January 26, 2012
Defacing the Fly
It is true that the Australian flag was chosen following a national competition in 1901. But the competition was a British, not an Australian, idea. And it was to choose not a national flag as such, but an ensign to be flown on ships. It was for this reason that the two ensigns could not be formally adopted until they had been approved by the admiralty. And it was clear at the time that the only possible design for such an ensign was one that carried the union flag in the quadrant and a local symbol on the fly, or “defacing the fly” in the language of flags. With its two ensigns Australia joined the fifty or so other British colonies that had blue or red ensigns defaced with a local symbol. In other words, it was one of the least original flags in the world. But it was the only type of flag that Australia was permitted to have. The Britishness of the flag, apparent to everyone in 1901, was re-emphasised in 1954 with the passage of the Flags Act, which for the first time declared the blue ensign to be Australia’s national flag. But in doing so the preamble of the act declared that the Australian flag was the British blue ensign...Henry Reynolds, at Inside Story.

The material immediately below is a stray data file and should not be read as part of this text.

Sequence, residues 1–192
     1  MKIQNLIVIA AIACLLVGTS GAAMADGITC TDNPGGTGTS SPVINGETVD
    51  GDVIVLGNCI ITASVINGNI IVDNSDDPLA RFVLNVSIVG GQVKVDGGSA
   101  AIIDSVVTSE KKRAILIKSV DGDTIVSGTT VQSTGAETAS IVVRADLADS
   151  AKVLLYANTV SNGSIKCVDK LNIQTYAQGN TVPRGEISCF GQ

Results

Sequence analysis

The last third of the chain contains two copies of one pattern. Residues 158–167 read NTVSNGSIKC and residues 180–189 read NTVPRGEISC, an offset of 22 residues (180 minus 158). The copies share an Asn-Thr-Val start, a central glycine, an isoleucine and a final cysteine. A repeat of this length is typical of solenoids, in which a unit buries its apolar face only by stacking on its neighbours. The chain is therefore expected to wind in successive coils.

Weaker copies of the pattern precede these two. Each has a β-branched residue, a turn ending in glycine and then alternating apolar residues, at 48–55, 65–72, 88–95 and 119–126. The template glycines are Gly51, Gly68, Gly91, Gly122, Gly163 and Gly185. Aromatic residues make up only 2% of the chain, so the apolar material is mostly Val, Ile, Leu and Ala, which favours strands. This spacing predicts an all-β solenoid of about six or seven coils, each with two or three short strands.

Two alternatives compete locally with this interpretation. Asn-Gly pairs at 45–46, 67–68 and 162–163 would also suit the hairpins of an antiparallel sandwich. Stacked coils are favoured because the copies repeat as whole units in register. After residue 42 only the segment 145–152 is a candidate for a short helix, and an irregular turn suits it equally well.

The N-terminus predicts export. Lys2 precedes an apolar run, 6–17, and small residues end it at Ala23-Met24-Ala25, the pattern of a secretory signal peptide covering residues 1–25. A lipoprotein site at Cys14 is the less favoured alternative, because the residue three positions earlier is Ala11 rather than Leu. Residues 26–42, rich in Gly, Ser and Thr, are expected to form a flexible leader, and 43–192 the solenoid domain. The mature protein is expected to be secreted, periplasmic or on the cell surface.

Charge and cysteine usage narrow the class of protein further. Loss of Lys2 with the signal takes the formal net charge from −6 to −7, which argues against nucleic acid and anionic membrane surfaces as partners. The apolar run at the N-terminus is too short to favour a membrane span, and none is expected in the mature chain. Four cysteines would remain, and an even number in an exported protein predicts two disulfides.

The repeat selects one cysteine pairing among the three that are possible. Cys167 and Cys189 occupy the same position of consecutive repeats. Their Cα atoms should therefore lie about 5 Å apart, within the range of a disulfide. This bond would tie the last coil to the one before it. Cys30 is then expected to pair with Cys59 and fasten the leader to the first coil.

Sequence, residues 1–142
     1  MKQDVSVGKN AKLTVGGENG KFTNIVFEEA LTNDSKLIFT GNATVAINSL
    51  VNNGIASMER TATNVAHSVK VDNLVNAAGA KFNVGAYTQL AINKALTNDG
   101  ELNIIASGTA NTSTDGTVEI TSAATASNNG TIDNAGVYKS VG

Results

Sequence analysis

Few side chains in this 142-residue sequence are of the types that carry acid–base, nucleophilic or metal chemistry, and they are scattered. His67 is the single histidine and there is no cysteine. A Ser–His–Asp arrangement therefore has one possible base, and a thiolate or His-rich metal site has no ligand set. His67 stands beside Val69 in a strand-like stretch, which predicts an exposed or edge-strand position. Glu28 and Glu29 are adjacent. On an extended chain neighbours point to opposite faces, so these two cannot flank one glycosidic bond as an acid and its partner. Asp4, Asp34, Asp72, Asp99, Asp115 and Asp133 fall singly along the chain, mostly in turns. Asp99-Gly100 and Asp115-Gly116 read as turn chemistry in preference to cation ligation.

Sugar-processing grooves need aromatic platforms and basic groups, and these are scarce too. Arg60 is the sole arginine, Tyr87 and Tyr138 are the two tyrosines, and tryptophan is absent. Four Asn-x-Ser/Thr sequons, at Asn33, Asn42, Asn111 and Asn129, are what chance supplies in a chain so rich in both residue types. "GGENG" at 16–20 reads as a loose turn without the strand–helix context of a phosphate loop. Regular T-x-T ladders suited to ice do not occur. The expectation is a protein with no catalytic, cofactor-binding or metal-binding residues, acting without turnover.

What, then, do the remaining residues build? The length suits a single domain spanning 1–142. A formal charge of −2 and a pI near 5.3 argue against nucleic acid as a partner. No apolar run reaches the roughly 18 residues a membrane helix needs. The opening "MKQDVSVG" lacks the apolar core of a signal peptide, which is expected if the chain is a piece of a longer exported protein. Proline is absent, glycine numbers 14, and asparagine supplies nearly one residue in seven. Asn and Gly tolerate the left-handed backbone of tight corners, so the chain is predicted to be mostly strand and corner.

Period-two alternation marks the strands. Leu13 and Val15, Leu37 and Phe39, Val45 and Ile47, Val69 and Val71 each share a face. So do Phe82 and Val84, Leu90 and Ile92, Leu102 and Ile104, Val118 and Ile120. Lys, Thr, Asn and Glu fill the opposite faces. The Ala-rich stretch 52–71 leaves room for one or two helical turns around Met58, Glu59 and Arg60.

There are still places in the world that have flags very similar to Australia’s blue ensign. With the exception of New Zealand and Fiji they are the tiny island remnants of Empire [and Hawaii - RobW]... Ten of the islands have fewer than 10,000 people; all of these are administered as British Overseas Territories. It is strange company for Australia to find itself in. If this does not produce any embarrassment, there is also a proliferation of blue ensigns in Britain itself, where they are used by government departments and even more prolifically by yacht clubs, which have been able to adopt blue ensigns since 1922. There are now about one hundred of them.
Just for the record, I regard the idea of changing the flag for nationalistic reasons as being as much of a wank as the insistence that the design is inviolate. It's a design: the only valid criteria for assessing its worth are aesthetic (well, and avoiding unfortunate cultural resonances, such as you'd get from four L-shapes in rotational symmetry), and the current design is simply boring and ugly, like our leaden anthem. Personally I'd like to see the Eureka flag adopted, but only the design. As it's such a distinctive and recognisable design (no other flag with a similar cross sports stars in those positions), people could use whatever colours they want: Green and Yellow for the boxing kangaroo types; Blue, White and Red for traditionalists; Red, White and Blue for Yanqophiles, White, Blue and Red for Russophiles; White, Red and Blue for Czechophiles; Orange and White and Green, Black and Yellow and Red, Blue and White, Red and White, Yellow and Blue and Red, and all the other combinations of other national flags for those commemorating immigrant heritage; Black and Red for the anarchists; Red, White and Black for Nazis; Red and Yellow for fans of the People's Republic of China; Yellow and Red for fans of Ronald McDonald; etc...